Friday, March 13, 2009

No Sign of Pay Cuts

I have pointed out that, as of January, payroll spending has hardly fallen, despite the four percent drop in the number of persons on payrolls. That is, those who kept their jobs are still getting paid well.

Yesterday the U.S. Treasury reported payroll tax collections for February. As with most of the previous months, those collections exceed what they were in the previous year -- see the chart below. Thus, I do not expect much (if any) of a reduction in payroll spending in February.

This is good news if you keep your job. This is bad news if you think high employee pay encourages employers to fire people.

[technical note: tax collections are highly seasonal, so my chart shows each month as compared to the same month in the previous year].


Anon said...

How would those individuals who have started working a 2nd job influence payroll tax collections. I think it would be fascinating to attempt to find out the number of individuals who now work 2 or more jobs since the recession started. I think it could play a role in payroll tax collections. Maybe it's just me, but it seems that it would be interesting to compare recessionary periods by how many people work more than 1 job. How does this recession compare to other recessions when viewed through those individuals who felt compelled to get a 2nd job?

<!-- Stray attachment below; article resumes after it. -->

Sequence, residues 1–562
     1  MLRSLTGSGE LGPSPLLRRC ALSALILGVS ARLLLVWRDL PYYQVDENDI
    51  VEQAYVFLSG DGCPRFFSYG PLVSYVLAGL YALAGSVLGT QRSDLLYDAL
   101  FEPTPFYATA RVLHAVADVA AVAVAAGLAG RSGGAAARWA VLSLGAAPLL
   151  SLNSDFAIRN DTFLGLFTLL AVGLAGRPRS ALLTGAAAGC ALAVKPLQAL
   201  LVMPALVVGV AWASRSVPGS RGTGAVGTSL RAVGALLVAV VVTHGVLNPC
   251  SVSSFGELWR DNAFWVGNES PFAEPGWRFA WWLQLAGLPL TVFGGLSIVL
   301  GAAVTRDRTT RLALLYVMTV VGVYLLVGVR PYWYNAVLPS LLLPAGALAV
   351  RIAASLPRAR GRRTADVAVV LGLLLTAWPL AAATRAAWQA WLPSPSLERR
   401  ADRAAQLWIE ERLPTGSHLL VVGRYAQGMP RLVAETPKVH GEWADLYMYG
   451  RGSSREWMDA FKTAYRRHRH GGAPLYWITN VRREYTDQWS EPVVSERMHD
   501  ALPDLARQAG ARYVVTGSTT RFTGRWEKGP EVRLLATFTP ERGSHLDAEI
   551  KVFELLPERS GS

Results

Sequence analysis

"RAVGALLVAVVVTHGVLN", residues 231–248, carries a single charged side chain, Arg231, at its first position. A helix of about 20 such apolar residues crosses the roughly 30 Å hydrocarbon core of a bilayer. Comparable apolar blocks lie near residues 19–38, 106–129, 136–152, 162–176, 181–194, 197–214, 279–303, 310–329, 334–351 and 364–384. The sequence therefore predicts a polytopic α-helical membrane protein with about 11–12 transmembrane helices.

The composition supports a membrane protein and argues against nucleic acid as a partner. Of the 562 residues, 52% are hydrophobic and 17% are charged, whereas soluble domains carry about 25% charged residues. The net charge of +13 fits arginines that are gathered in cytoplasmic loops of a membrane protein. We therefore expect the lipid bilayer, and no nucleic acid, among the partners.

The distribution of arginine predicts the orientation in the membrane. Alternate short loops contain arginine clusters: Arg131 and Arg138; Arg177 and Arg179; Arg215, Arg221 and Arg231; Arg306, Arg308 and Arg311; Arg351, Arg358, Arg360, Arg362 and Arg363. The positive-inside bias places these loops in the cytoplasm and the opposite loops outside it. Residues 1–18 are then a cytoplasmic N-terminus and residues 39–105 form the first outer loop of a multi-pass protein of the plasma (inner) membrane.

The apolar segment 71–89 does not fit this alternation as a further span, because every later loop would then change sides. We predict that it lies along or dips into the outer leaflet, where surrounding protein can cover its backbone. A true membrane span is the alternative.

Milton Recht said...

Reductions in fringe benefits will not reduce payroll taxes.

Tino said...


The number of people with two or more jobs is the same now as it was one year ago (7.676 million vs. 7.610 million). As a share of the workforce it's slightly higher tough.